However, the International Trade Organisation (ITA) found the DRC economy to be dollarized. ITA pointed out that approximately 90 per cent of bank deposits and loans are denominated in US dollars, and prices of most goods, services and financial activities are indexed to the dollar.
The African Development Bank’s (AfDB) economic outlook for 2022 showcased interesting points on DRC’s financial performance.
“Inflation is projected to rise to 3.4 per cent in 2022 and 3.1 per cent in 2023. Medium-term fiscal consolidation, combined with strong oil revenues, should lead to budget surpluses of 4.7percent and 2.9 per cent of GDP in 2022 and 2023. Public debt is expected to continue declining marginally to 83.6 per cent of GDP in 2023. The current account should remain in surplus at 16.5 per cent of GDP in 2022 and 7.2 per cent in 2023, driven by the trade balance,” AfDB’s economic outlook argues.
As a natural resource-driven economy, the bank pointed out the alarming risks climate change poses to the DRC. The AfDB argued that the nation is 109 on the 2021 Global Conflict Risk Index (GCRI), which is experiencing an increase in the intensity and frequency of extreme vents caused by climate change.
Investment in Congo
DRC investment summit comes to the fold to add value to the ground efforts made by local investors and foreign partners. According to the United Nations Conference of Trade and Development (UNCTAD) 2021 World Investment Report, Foreign Direct Investment (FDI) flows into the DRC increased from US$1.5 billion in 2019 to US$1.6 billion in 2020, despite the troubling shocks of the pandemic.
“The FDI stock has been estimated at US$27.3 billion in 2020. Such levels remain far below the country’s potential”. According to UNCTAD’s report.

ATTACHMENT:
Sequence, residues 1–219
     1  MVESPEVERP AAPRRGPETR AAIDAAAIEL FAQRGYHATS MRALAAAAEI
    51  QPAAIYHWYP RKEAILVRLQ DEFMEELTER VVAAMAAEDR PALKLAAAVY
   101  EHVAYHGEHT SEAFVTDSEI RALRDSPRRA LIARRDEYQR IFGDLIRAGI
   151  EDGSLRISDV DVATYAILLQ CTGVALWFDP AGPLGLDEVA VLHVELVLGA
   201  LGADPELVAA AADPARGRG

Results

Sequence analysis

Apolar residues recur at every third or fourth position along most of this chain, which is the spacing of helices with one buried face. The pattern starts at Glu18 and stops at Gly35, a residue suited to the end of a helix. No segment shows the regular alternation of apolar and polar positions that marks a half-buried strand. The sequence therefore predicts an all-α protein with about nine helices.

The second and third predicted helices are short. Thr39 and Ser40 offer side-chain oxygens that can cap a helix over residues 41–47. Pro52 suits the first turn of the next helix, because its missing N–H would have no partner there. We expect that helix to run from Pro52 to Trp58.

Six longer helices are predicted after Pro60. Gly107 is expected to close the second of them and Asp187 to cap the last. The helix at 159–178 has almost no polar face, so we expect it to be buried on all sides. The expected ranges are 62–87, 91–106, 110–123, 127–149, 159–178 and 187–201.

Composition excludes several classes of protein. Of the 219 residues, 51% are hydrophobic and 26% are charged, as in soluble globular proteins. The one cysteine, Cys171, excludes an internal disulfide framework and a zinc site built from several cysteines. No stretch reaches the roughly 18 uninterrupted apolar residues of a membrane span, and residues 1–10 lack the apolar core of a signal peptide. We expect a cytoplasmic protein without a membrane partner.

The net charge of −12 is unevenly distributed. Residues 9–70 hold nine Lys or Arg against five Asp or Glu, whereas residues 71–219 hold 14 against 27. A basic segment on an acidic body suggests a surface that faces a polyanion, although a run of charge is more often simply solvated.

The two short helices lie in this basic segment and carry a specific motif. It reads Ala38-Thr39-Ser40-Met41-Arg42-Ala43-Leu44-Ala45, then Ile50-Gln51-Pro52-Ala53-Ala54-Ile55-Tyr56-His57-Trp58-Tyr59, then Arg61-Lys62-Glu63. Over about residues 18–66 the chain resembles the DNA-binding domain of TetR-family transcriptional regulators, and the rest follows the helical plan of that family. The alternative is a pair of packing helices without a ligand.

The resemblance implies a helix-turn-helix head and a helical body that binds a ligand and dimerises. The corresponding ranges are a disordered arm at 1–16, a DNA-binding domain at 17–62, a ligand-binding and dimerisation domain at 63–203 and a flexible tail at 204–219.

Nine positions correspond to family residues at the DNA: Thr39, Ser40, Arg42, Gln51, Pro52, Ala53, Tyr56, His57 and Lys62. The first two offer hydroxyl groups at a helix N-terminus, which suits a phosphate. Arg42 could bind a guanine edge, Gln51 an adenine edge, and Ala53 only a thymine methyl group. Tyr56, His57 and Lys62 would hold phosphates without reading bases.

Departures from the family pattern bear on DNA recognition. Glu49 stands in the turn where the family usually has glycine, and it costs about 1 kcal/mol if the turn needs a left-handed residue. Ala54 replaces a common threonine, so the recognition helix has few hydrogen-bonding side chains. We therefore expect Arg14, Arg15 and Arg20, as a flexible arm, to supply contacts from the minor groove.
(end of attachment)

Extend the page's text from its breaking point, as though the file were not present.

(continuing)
The DRC investment summit complements the prevailing conducive conditions but also must address the underlying challenges that mar the investment landscape in DRC and find common ground for achieving sustainable development with its key partners such as China, South Africa, and Belgium.
Over time the DRC has pivoted itself in the right direction in terms of investment, including achieving a high growth rate of the national economy, joining the regional communities such as the Southern African Development Community (SADC), the stock market for Eastern and Southern Africa (COMESA), granting several incentives to foreign investors and its huge mining potential.
DRC’s mining landscape, consisting of abundant mineral resources such as copper, cobalt, diamond, gold and tin, strives to revitalize the nation’s economy extensively.
The DRC investment summit must end various issues limiting the industry growth. Things like shortage of skilled labour, endemic corruption at all levels, inadequate infrastructure, chronic political instability, and a challenging business climate weighed on predatory tax agencies, limited access to capital and a weak judicial system which puts a hardship on enforcing contracts.
Above all destructive winds, Congo presents a new chapter of business opportunities and potential for scaling investments in mentioned sectors, but also a new dawn for the nation’s prosperity and economic growth.